The New York Fed Explains America's Progress In The War Against Debt


Photo: New York Fed

The deleveraging process is slowing and U.S. consumers are starting to take on more debt, according to the latest quarterly credit report from the New York Fed.The data from Q1 2011 shows consumers are agressively cutting credit card debt, down by 4.6% in the quarter, and improving their overall financial health, with foreclosures, bankruptcies, and delinquincies all down.

Overall, this report shows a stabalization in conditions. It may not seem positive at first, but with many believing housing still has some way to dip, and the deleveraging process some way to go, it may a short improvement before things get worse.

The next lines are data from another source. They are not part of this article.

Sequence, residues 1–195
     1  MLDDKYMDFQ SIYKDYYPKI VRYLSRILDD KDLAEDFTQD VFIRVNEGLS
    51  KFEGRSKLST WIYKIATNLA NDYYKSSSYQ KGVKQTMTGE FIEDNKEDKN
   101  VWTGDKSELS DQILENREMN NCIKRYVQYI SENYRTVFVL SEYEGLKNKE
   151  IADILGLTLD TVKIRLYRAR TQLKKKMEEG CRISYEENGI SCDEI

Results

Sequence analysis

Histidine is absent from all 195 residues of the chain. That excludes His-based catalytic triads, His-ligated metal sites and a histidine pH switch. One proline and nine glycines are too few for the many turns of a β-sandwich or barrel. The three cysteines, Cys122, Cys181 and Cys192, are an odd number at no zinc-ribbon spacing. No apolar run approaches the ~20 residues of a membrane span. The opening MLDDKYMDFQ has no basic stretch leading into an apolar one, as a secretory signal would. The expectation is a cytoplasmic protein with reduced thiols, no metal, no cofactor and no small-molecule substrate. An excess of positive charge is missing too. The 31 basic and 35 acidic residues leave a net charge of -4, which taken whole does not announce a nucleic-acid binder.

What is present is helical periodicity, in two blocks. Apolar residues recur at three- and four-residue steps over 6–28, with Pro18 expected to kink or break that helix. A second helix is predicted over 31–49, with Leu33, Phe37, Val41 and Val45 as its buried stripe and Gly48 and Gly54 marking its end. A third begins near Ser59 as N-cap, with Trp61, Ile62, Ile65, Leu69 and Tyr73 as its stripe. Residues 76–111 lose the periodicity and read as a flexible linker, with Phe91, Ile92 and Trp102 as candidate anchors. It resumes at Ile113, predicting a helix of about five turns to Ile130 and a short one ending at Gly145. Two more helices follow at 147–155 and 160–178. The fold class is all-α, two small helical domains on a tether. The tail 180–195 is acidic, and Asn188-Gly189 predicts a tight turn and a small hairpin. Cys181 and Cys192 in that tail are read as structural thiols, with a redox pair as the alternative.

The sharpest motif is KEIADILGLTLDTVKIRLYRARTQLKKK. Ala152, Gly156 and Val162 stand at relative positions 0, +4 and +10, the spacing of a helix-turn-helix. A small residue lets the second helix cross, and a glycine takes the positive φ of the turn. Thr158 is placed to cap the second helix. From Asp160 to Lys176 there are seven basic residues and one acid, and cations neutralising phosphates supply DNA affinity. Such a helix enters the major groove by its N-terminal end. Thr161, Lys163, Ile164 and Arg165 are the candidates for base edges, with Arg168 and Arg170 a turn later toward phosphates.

Total debt has started to level off

Credits have, notably, halted their decline in accounts

While auto loans have stalled, mortgage loan origination is up

Credit card limits have started to tick up

The number of accounts current is rising

Deliquencies are down in most categories

Mortgages remain the top portion of new deliquencies by a large margin

Foreclosures and bankruptcies are both in decline

Californian debts per capita remain high, while Nevada is sliding and New Jersey is holding firm

California, Nevada, and New Jersey retain the largest amount of mortgage debt per person

They also have the largest delinquency problems

Nevada's mortgage debt problem is getting worse after a short recovery

Foreclosures are, however, sliding

And bankruptcies too

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